Attendance at the Danville Fine Arts Faire [sic] for the past three years appears to be a reflection of the sour economy that continues to grip the state and country. Four or five years ago, the Faire featured sidewalk-to-sidewalk people. On Saturday I was able to ride my bike down the street past booths and hardly have to hit the brakes.
Sunday was Father's Day, and that may have diluted the crowds somewhat, but Saturday's attendance was relatively sparse as well. In reality mainly a crafts event, the Faire's fare calls for primarily discretionary purchases, which tend to soften when the fins hit the fan.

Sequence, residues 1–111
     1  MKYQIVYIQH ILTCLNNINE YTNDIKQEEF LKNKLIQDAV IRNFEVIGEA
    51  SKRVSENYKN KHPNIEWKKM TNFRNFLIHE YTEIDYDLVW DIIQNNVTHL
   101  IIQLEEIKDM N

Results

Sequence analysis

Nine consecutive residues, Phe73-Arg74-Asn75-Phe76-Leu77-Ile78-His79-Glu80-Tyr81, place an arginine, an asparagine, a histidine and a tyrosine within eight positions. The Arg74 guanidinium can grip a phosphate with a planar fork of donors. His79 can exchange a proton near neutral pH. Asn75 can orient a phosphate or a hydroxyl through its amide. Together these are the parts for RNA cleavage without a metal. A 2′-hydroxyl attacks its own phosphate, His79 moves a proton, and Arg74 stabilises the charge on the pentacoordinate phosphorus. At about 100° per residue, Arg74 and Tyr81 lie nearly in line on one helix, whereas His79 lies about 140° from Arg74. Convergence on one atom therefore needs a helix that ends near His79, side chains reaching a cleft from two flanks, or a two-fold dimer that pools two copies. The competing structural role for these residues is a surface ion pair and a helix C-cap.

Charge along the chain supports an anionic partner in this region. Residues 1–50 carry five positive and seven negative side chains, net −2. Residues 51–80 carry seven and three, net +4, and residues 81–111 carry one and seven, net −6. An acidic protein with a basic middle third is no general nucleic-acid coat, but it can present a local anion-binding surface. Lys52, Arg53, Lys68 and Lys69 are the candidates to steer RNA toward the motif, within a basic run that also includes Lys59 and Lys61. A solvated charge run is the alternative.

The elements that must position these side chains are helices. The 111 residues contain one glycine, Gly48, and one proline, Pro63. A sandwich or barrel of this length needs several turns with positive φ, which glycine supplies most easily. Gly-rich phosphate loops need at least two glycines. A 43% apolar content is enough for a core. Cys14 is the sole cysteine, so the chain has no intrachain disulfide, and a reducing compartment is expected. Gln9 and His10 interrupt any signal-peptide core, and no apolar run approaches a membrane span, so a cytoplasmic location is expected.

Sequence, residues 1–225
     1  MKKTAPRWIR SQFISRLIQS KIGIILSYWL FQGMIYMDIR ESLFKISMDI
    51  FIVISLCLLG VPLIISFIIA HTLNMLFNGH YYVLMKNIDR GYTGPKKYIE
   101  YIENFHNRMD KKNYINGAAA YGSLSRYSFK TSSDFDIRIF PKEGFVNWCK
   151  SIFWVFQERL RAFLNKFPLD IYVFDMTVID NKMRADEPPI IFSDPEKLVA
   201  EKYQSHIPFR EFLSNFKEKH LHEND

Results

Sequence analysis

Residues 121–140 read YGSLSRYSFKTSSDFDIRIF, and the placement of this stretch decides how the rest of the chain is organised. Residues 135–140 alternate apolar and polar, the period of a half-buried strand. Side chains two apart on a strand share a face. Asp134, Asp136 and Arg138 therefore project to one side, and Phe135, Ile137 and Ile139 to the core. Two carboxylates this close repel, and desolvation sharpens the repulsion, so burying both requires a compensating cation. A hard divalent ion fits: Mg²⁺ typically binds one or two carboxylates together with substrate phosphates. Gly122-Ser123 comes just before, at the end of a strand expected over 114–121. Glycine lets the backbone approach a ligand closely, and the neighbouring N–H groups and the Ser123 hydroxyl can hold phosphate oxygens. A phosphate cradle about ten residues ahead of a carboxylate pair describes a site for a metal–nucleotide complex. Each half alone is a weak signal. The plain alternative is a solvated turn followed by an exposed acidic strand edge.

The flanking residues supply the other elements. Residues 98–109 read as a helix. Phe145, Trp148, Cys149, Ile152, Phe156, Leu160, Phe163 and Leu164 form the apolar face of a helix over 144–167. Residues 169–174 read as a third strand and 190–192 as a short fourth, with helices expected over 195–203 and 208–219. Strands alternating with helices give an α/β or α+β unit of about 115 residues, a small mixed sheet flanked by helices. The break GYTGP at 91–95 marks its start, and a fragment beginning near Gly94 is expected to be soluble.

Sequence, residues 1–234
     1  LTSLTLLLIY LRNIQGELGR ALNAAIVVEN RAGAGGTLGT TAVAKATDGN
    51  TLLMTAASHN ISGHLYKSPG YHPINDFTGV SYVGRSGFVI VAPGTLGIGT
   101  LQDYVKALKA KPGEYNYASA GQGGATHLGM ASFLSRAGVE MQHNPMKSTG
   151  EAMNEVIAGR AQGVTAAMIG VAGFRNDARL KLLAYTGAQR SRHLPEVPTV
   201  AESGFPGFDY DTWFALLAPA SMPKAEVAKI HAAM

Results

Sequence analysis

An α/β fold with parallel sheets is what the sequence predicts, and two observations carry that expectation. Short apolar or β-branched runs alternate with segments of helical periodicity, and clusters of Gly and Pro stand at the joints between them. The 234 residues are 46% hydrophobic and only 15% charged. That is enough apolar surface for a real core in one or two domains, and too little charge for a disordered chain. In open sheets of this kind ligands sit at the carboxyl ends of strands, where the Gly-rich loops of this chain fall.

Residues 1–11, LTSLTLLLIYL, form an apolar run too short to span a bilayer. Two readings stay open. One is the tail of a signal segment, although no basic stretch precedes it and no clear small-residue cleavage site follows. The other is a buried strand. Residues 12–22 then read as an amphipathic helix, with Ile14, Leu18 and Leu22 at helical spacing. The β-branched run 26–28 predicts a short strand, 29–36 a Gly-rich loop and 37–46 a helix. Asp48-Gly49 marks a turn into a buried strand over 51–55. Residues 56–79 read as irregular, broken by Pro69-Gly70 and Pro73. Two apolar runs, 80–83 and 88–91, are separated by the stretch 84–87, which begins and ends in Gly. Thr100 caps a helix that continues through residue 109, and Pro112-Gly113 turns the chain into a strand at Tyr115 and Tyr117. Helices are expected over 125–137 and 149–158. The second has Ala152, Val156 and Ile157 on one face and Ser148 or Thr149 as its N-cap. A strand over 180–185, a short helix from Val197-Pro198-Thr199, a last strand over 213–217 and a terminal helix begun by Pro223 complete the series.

Another sign of the economic times is the disappearance from Hartz Avenue of the Kevin Milligan Gallery--whose space is now occupied by a shoe store. Milligan is allegedly opening another location, but for now at least, the only remaining downtown art gallery is the city-run Village Theater Gallery, which rarely exhibits the work of local artists.
In the apparently unlikely event that the California economy is ever taken off life support (at least State Controller John Chiang has stopped payments to our feckless legislators), perhaps the arts will begin to flourish locally.
John A. Barry is a writer and avocational artist. To share anything art-related, call him at 314-9528 or email firstname.lastname@example.org
This story contains 222 words.
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